Do you diet or do you look at your food in regards to how well it will fuel your body and bring about better health? Body-positivity is a newer way to look at our overall health. it encompasses the concept of health more than appearance. Different ways to look at foods and how they affect others is discussed. Certain styles or approaches to eating have come under attack as being more diet focused and not body health focused. In this article they will discuss the need for changing our mindset regarding the word diet. Some individuals with eating disorders can be triggered by certain styles of eating which will perpetuate their disorder, while others find healing in using these styles of eating. This is an intriguing article regarding the term and understating of body-positiviy.
- 1The word “diet” isn’t necessarily synonymous with body positivity—quite the opposite, actually. The body-positive movement is rooted in ideals such as self-love and appreciation; it’s a backlash against a diet culture that defines beautiful as slim and encourages us to continually strive for “better” bodies. In that sense, it would be oxymoronic to champion a body-positive attitude while adhering to a prescribed way of eating, right?
- 2There are plenty of news stories to back this up. A few years ago, PETA came under fire for using fat-shaming tactics to promote veganism, associating the diet with thin-idealization. Then there is the plethora of research correlating dieting and societal pressures to look a certain way with the development of restrictive and/or disordered eating patterns. It seems pretty clear-cut: diets are inherently anti-body positive.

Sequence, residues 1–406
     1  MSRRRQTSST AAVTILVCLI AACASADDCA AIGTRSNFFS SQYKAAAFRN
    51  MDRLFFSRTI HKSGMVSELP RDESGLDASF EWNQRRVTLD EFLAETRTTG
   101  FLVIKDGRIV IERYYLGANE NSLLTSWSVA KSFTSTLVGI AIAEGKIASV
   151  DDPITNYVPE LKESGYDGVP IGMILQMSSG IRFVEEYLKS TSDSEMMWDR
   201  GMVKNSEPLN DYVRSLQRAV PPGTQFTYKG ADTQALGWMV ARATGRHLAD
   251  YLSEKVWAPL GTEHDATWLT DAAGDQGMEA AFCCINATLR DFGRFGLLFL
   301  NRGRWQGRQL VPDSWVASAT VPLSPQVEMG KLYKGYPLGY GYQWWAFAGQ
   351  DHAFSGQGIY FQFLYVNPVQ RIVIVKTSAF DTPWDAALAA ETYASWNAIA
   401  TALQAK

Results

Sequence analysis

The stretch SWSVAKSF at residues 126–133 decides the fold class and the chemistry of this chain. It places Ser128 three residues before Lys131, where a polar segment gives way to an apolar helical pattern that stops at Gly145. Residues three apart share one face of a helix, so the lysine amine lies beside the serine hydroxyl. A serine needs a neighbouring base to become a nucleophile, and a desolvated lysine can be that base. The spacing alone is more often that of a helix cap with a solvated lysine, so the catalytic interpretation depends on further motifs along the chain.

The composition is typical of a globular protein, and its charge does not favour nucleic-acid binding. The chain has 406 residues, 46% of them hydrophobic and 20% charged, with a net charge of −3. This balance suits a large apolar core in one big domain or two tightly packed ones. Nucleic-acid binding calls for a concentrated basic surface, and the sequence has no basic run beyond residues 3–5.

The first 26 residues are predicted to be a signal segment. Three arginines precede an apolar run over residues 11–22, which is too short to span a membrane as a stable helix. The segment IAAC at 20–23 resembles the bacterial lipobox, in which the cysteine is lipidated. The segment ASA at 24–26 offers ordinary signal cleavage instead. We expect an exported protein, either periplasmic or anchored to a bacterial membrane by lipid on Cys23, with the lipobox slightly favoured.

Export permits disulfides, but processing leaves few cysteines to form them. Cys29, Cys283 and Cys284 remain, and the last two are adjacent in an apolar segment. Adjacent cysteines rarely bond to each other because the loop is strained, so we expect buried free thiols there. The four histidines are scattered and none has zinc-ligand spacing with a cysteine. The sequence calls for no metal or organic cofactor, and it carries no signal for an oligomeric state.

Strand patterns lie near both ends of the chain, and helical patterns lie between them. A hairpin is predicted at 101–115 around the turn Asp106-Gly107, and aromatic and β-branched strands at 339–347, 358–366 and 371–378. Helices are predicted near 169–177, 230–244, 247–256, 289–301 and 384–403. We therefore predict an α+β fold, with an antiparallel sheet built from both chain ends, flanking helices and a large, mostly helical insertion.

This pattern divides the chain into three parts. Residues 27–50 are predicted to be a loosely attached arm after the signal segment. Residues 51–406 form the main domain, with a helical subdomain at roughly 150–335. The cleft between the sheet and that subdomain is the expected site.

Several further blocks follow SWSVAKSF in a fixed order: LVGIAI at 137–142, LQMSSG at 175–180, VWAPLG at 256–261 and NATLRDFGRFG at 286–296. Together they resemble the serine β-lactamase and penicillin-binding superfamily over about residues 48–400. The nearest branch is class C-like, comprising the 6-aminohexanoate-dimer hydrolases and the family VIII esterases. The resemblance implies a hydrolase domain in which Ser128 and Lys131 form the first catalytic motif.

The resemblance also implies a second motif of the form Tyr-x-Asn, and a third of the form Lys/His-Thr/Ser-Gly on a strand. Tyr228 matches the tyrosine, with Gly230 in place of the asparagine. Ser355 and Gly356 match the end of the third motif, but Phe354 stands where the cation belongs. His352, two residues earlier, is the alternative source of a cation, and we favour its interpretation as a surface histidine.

- 3However, I’m starting to wonder if this is always the case. It can be dangerous to assume the characteristics or motivations of individuals who adhere to one diet or another. In fact, it seems pretty backwards to make such judgments based, as always, on food choices. These sentiments are shared by fat-positive vegans who challenge the notion that all vegans are trying to lose weight or otherwise hate their bodies in some way.
The body-positive movement is rooted in ideals such as self-love and appreciation; it’s a backlash against a diet culture that defines beautiful as slim and encourages us to continually strive for “better” bodies.
Read the full article at: http://www.nationaleatingdisorders.org/blog/can-diets-ever-be-body-positive